"the patristic notion of death as enemy entails . . . a certain notion of sin. It is in what the Fathers consider to be 'the sin' par excellence, much more than by an abstract study, that we will recapture their way of comprehending it. This sin par excellence . . . is idolatry. It is extremely important to note that the ancients placed under this word 'idolatry' something completely different than we do. When a modern Christian speaks of 'false gods,' this, in his mouth, tends to denote gods that do not exist. When an ancient employed that expression, he, by contrast, meant gods who were dangerous precisely because they were real [(dieux dont le principal tort était d'exister)]. The notion that paganism with its polytheism and its superstitious practices innumerable was only a vast illusion is one that occurred to no ancient mind. . . .
"The position [that St. Paul takes in 1 Cor 10:19-22, which is that 'what pagans sacrifice they offer to demons',] will remain that of the whole of the patristic period. The Fathers will be led to systematize it by the necessity of sustaining the indomitable opposition—up to and including martyrdom—of the first Christians to idolatrous practices [to us] the most apparently benign. When we look into the details, it is very difficult for [us] moderns to justify these dispositions of the ancient councils, which went so far as to forbid to Christians, at even a very late date, the civil magistracies that would have secured for them positions of incomparable influence. This, simply because one could not discharge such duties without [performing] some trifling rite that the greatest [pagan] pontiffs of the period, e.g. a Cotta, stood ready to declare [were] of no real significance. Yet the Christian apologists were completely justified in not seeing it in this way at all. This network of ritual in which ancient life was caught up, right down to those of its customs in appearance the most secularized, was for them only the shadow cast by a network of demonic influences [that were] utterly authentic. And to cede to that invasive idolatry on even the slightest point would have been to commit the least pardonable of sins, because it would have been to accept anew the fundamental error of all sin: to adhere to that refusal-to-go-beyond-itself [(arrêt à elle-même)] of the free and conscious creature that placed it in the enmity of God, [an] adhesion that is . . . the whole principle of the slavery in which man found himself before Christ.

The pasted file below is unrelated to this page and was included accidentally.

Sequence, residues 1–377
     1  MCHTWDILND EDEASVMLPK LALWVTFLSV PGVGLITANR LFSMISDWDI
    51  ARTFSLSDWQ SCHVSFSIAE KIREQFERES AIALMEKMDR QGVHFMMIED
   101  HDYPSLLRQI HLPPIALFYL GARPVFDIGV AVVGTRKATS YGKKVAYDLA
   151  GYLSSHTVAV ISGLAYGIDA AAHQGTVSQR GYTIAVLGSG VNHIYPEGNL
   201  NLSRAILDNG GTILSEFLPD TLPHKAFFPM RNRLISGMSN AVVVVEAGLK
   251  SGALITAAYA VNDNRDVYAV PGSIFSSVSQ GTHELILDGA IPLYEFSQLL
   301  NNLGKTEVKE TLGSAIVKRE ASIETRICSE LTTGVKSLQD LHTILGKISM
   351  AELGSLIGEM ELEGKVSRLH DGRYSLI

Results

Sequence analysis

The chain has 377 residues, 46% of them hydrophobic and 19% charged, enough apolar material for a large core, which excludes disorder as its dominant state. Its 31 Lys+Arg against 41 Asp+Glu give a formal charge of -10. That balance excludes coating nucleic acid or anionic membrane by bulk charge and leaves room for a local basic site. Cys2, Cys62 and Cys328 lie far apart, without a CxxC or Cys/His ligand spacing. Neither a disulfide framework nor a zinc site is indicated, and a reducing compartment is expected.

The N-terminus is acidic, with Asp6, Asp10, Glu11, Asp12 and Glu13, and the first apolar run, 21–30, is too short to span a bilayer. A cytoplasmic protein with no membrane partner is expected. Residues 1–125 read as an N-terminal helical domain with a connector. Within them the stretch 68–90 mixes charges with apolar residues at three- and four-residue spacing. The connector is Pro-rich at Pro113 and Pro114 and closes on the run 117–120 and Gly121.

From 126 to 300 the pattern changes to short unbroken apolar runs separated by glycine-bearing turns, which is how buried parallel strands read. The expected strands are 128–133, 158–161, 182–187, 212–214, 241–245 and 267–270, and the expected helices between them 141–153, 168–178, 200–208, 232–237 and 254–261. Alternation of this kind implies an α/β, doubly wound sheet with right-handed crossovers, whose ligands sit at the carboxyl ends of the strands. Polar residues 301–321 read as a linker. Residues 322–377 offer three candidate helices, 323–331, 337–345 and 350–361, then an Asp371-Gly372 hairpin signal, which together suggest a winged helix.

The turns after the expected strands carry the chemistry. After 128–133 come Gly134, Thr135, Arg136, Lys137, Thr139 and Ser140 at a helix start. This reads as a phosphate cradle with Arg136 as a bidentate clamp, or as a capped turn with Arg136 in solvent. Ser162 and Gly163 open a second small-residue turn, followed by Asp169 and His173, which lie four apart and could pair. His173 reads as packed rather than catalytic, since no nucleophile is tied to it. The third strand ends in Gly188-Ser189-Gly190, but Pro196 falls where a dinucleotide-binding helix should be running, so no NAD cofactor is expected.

"When one reads, for example, the treatise Against the pagans, by St. Athanasius, or it matters not what apology of the century previous, but in particular those of Justin or Tertullian, one readily discerns in them the same fundamental intellectual reflexes. Behind all of the beauties, the grandeurs, the forces of this world is an ensemble of spiritual powers [that are] relatively autonomous, though completely dependent upon God by virtue of the fact that they, too, are only [his] creatures. . . . these powers wished to to arrogate to themselves the glory of the goods of which they were [appointed] only the guardians. [And] the weak mind [(esprit)] of man has allowed itself to be seduced by them, to the point of settling for these goods [(s'arrêter à ces biens)] in place of mounting back up through them [(remonter par eux)] to God."
Louis Bouyer, “Les deux économies du gouvernement divin: Satan et le Christ,” in Initiation théologiques par un groupe de théologiens, tome II: Dieu et sa creation, 2nd ed. (Paris: Les Éditions du Cerf, 1953), 529 (504-535). "In this world . . . there is no real possibility of a settling of a finite being for itself [(un arrêt de l'être limité à soi-même)]. Either it will be immortalized in a reunion with God, [the] source of all being who calls it to himself; or, by refusing this vocation, it will deliver itself up to nothingness" (528). Yet the Fall was not, for the Fathers, an attachment to (an "s'arrêter à") mere self in lieu of God. Because it was precisely the move of the (now fallen) powers already primordially, the attachment to self and the goods of creation was ultimately an attachment to the demons in lieu of God (531).
Would Mark Noll, by the way, care to call this The scandal of the patristic mind? Cf. this passage, fairly typical of Noll, which I read not long after mounting the translation above: "Although formally connected to the scriptural command to resist the devil, the stark dialectic of spiritual warfare found in these books [by Frank Peretti] can be traced directly to heightened language concerning Satan and the Holy Spirit that came to prominence in the first decades of the twentieth century. They reflect new prominence given to angels and demons in both the informal instincts of Pentecostalism and the formal theologies of dispensationalists" (Mark A. Noll, The scandal of the evangelical mind (Grand Rapids, MI: William B. Eerdmans Publishing Company, 1994), 141). Who is the real innovator here?